As indicated in FIGS. 2 and 3 the stator 32 of the motor 30 is comprised of a stack of suitable electrical .steel laminations 32a...32a, each of which has been punched so as to form a number of slots 32b...32b and teeth 32c...32c separating the slots 32b. The slots 32b and neighboring teeth 320 are spaced at regular intervals around the inner periphery, or air gap side, of the stator 32. Although each slot 32b and each tooth 320 has the size and geometric configuration shown in FIG. 2, it is to be understood that different slot sizes and configurations, as well as different tooth sizes and configurations, may be employed.

As indicated in FIGS. 2 and 3 the rotor 34 of motor 30 is comprised of a stack of suitable electrical steel laminations 34a...34a, each of which is of a generally annular form, similar to the stator laminations 32a...- 32a. The rotor laminations 34a...34a form a stack, defining the rotor 34, which is keyed, or otherwise secured, to a shaft 36 which, as shown in FIG. 3, extends axially from opposite ends of the rotor 34. Each rotor lamination 34a is punched so as to have formed therein a number of slots 34b...34b, which are spaced at regular intervals around the outer periphery or air gap side, of the rotor 34. Although each rotor slot 34b has the geometric configuration shown in FIG. 2 it is to be understood that different slot sizes and configurations may be employed. 7

The stator 32 of induction motor 30 has 24 slots 32a and the rotor 34 has twenty slots 34a. The aforementioned numbers of slots formed in the stator 32 and in the rotor 34 for the specific example shown in FIGS. 1, 2, and 3 are to be considered as being illustrative, not limiting. More than, or less than, the indicated numbers of rotor slots and stator slots may be employed, depending on the design specification.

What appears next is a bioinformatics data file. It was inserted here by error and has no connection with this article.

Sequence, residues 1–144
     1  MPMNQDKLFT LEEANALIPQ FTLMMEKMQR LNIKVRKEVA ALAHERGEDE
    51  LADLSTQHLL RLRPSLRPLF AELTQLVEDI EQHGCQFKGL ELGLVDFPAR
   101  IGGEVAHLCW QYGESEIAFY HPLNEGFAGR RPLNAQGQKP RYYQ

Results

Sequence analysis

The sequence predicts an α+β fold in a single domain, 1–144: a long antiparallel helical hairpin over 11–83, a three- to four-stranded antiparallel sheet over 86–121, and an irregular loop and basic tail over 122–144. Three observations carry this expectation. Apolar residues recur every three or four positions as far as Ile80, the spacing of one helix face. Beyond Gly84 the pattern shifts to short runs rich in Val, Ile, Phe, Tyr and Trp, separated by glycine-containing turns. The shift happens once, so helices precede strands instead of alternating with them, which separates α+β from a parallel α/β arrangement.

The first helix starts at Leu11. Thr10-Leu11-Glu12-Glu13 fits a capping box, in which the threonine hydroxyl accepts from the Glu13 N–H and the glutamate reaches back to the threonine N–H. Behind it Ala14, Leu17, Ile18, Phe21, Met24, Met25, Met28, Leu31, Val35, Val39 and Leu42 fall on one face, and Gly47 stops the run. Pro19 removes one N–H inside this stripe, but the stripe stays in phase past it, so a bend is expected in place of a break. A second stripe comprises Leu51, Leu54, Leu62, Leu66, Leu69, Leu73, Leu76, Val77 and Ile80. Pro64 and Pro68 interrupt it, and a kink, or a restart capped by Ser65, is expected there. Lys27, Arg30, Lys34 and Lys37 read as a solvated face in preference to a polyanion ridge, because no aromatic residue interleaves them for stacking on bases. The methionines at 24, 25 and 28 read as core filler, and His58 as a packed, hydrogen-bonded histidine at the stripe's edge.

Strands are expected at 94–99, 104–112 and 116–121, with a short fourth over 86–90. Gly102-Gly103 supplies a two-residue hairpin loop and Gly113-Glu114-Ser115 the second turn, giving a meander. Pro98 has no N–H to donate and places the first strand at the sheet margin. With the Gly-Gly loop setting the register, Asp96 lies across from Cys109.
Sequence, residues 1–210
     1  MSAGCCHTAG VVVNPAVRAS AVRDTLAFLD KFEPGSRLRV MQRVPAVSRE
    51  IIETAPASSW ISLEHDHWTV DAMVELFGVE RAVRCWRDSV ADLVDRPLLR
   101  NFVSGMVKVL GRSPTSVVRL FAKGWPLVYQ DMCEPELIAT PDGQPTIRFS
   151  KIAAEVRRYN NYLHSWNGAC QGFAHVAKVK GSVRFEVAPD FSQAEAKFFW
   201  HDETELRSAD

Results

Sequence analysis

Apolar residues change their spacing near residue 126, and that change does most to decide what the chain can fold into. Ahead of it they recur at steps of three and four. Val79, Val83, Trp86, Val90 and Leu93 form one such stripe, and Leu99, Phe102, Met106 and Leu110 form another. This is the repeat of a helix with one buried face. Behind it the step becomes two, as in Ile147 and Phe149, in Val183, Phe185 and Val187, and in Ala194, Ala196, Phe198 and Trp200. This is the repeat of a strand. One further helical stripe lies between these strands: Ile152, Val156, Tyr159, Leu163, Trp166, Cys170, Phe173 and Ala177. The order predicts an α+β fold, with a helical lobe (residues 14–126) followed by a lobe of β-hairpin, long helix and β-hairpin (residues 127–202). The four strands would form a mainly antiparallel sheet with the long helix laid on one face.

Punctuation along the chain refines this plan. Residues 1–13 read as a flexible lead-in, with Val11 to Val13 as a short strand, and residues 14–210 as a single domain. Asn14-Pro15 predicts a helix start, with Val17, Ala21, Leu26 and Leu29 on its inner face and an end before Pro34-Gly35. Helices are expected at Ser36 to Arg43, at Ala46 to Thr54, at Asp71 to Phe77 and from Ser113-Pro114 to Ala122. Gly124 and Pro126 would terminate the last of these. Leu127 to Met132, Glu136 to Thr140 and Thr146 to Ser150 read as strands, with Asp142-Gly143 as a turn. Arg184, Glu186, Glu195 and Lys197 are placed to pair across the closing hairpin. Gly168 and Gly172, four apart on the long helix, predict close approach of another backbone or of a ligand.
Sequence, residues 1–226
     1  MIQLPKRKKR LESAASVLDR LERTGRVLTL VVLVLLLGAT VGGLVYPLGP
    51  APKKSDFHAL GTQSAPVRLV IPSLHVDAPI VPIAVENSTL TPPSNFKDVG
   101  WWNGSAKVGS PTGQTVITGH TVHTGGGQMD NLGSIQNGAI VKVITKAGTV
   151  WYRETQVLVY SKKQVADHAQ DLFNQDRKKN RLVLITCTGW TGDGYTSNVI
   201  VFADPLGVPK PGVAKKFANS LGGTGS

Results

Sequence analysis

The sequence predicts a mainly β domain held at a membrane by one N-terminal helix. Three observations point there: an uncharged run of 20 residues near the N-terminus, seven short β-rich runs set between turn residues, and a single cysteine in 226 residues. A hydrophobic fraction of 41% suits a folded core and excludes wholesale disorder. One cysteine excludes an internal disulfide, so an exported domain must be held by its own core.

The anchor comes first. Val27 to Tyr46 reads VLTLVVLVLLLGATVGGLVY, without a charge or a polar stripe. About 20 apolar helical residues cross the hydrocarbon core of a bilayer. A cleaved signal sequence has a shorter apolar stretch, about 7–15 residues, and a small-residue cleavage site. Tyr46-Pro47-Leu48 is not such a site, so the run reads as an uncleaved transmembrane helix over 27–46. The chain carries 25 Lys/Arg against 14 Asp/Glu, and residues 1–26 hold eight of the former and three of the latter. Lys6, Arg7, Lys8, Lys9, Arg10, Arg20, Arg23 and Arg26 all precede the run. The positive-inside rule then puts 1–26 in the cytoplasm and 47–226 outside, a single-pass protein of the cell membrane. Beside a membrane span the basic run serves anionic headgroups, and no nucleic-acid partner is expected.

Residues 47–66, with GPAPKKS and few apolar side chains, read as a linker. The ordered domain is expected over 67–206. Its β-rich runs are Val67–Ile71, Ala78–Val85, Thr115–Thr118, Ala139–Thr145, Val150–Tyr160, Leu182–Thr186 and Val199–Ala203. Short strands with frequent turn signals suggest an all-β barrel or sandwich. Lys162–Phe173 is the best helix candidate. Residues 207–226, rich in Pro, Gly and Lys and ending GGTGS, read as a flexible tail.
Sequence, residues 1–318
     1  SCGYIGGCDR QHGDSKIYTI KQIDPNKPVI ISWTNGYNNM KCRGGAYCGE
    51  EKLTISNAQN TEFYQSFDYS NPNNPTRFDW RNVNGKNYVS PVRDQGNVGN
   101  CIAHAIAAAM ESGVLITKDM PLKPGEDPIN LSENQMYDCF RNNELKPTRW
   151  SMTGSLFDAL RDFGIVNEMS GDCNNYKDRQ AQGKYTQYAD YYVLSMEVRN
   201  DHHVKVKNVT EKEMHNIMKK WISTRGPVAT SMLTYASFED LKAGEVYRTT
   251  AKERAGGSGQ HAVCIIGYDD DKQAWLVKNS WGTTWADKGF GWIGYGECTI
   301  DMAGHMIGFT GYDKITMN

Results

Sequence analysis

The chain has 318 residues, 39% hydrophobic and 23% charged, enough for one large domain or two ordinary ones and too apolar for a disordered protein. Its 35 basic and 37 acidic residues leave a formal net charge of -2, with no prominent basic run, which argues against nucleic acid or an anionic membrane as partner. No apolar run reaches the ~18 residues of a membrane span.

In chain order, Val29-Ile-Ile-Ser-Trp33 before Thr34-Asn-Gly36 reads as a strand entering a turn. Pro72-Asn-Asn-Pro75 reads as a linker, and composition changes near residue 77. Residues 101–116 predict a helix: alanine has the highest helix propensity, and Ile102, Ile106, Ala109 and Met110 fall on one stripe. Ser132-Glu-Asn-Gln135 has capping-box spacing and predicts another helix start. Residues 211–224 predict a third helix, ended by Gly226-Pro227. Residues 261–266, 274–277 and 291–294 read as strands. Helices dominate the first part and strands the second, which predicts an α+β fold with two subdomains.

As shown in FIGS. 2 and 3 each of the 24 stator slots 32b has an individual heat pipe situated therein; the heat pipes being designated by the reference charac ters SP1...SP24. Also, each of the 20 rotor slots 34b has an individual heat pipe situated therein; the heat pipes in the rotor slots being designated by the reference characters RP1...RP20. The stator heat pipes SP1, SP3, SP5, SP7, SP9, SPll, SP13, SPlS, SPI7, SP19, SP21, and SP23 extend from only one end of the stator 32; i.e., the right hand end in the orientation shown in FIG. 3. Similarly, the stator heat pipes bearing the even numbered reference characters (e.g., SP2, SP4...SP24) extend from only the opposite end of the stator 32; i.e., from the left hand end in the orientation shown in FIG. 3. Thus, in neighboring stator slots 32b the heat pipes extend axially through and byond the slots; but, they extend beyondthe slots in different directions, from opposite ends of the stator 32. As is discussed in more detail hereinafter, each heat pipe includes an axially extending section designated as the vaporization, or evaporation, section and an adjacent axially extending section designated as the condenser section. The vaporization section, receiving heat from the apparatus to be cooled, causes the liquid phase of a two-phase fluid coolant to vaporize, or evaporate, within the heat pipe. The heated vapor, being under a relatively higher vapor pressure, moves to the lower pressure area or condenser section of the heat pipe whereat the vapor condenses forming condensate. The condenser section in the heat pipe is, in effect, an air-cooled surface condenser functioning to reject heat to ambient air. Thus, that portion of each heat pipe which lies axially within a stator slot 32b may be considered to be the vaporization, or evaporator, section of the heat pipe and that portion of each heat pipe which extends axially from the slot beyond the end of the stator to a remote location may be considered to be the condenser section. The same designations of vaporization, or evaporator, section and condenser section may be applied to each rotor heat pipe. Moreover, in accordance with the embodiment of the invention illustrated in FIGS. 1, 2, and 3, each rotor heat pipe extends axially beyond the rotor 34 from two opposite ends thereof. Consequently, each rotor heat pipe has two condenser sections and a vaporization, or evaporator, section located between the two condenser sections.